Despite all of this, I was left deep in thought by seeing how much evolution and integration had occurred over the past 70 years. Seeing how different our lives are now, compared with the people at that time such as my parents and their generation. What would we be like if we’d met in the 1920s, 40s, or 60s?

I was left delighted by the genuine warmth and goodwill shown by everyone to one another, including from every single staff member. This was regardless of who we were, or what challenges we were all facing.


As alluded to in the title of this post, we got around to participating in some bird of prey experiences. Dolly and I went completely bonkers, and booked two. One was a falconry experience on the Thursday morning, and the other was an owl experience during the afternoon. These were very short in duration (only an hour each).

This contrasts with the half day falconry experiences I’ve previously been on. I’ve also been on an actual foraging and falconry weekend course, where we camped wild, and had the opportunity to hunt real prey with a Harris Hawk. More details about this later.

I guess this was fair enough, due to the lower energy and mobility levels I have now, compared with times past.

The falconry session was excellent, and Dolly and I really enjoyed it. The sky was virtually clear, with the sunlight dappling through a protective circle of noble Beech trees.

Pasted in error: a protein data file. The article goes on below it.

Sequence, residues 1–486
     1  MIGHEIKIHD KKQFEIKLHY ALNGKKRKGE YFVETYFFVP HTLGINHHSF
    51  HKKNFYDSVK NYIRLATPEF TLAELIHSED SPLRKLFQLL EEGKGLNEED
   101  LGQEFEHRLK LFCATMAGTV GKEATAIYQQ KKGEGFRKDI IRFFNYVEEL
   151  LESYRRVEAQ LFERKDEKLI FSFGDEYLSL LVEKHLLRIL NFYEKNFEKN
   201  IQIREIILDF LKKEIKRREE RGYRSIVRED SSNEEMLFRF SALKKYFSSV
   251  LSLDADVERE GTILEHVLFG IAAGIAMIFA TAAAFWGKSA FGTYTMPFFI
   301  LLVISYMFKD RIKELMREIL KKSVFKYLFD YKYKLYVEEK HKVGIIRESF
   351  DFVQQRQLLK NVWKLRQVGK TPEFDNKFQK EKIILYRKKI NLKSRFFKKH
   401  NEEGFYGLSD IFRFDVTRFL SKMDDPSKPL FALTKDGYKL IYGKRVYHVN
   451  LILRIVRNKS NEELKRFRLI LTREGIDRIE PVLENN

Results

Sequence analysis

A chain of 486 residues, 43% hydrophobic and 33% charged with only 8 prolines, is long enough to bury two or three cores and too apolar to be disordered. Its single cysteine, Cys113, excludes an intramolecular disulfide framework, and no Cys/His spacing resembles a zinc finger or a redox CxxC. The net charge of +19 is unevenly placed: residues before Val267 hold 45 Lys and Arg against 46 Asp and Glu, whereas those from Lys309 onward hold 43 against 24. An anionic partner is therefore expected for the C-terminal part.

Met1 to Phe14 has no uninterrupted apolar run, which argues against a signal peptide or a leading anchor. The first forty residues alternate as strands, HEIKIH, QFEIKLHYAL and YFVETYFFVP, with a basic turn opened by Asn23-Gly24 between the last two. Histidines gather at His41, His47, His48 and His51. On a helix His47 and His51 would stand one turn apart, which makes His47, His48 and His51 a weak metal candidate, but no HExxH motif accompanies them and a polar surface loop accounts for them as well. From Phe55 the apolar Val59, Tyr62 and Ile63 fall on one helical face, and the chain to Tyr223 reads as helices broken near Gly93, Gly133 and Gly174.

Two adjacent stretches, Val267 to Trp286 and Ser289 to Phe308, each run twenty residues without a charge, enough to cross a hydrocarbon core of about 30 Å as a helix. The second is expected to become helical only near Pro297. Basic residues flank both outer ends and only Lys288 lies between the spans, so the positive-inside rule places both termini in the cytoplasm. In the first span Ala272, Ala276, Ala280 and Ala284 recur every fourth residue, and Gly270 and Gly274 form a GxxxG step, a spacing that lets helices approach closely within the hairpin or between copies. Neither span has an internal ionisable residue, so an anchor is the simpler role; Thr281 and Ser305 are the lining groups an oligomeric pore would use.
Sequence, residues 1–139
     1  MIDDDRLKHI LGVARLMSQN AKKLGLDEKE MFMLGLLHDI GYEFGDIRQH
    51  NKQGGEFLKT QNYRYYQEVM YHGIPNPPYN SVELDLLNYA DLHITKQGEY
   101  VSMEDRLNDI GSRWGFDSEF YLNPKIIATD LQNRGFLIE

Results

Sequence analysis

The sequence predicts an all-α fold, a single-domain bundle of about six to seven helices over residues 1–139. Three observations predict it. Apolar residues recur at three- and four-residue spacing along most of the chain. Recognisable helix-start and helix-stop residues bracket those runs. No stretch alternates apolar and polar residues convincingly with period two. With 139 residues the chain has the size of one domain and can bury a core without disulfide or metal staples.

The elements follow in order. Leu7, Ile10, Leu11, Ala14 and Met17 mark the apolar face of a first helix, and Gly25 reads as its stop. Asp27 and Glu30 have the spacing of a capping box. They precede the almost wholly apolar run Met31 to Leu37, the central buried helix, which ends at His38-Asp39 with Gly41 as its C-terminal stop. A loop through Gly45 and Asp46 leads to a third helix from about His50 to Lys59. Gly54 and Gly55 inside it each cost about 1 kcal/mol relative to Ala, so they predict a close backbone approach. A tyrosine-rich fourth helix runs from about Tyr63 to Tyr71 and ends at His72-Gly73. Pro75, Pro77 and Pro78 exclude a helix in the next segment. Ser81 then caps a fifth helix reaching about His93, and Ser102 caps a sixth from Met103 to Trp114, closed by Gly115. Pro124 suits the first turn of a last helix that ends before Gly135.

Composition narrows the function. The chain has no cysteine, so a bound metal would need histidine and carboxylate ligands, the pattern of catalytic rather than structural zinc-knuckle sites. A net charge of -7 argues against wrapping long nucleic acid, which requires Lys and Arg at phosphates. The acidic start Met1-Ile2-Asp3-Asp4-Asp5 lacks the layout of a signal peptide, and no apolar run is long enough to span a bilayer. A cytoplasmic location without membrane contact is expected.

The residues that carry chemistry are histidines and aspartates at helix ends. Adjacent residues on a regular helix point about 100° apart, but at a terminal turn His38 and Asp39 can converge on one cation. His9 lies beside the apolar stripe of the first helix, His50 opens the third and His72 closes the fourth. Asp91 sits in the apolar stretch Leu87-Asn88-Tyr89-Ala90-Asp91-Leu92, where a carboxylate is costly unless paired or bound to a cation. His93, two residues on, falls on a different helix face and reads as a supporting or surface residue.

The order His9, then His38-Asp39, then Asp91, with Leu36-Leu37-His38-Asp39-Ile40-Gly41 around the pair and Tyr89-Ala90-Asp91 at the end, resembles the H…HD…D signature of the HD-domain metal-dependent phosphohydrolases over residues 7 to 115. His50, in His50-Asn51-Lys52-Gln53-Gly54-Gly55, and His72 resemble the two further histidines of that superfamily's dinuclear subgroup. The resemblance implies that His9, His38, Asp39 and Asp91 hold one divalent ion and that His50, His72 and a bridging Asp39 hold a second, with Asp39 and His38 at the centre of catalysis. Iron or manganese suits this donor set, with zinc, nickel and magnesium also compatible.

The scene was very peaceful. To be honest, I was content enough just to be there – birds of prey or not! The rest of the group stood attentive and asked intelligent questions, whilst Dolly and I were comfortably sat on chairs provided. Gaynor, our kindly accompanying nurse, took photos of us during key moments.

Selfie with an owl. I can’t remember which one.

Selfie with an owl. I can’t remember which one.

The falconer brought out a selection of different birds. These were an owl called Bilbo (great name for an owl), a male Kestrel, a Saker Falcon, and a Turkey Vulture. Each was encouraged to fly towards our gloves around the circle. They were allowed to remain perched on our gloves for a few moments, so we could admire up close.

The Turkey Vulture was a heavy bugger, but also a hilarious character. He frequently ignored the falconer, looking for random scraps on the floor. Once he completed the circle, he even wondered off back to the aviary on his own!

There is something very thrilling being around a bird of prey. At least to me. They are beautiful to behold, and possess such strength and power. Yet they can also be very light and delicate at the same time.

My favourite was the Saker Falcon. Humans have been hunting with these birds for thousands of years. We were told that the relationship with this falcon was where the art falconry was founded (although I suspect Golden Eagles may contest this). The falcon remained tethered to the falconer, but he did transport it from person to person, in order for us to handle it.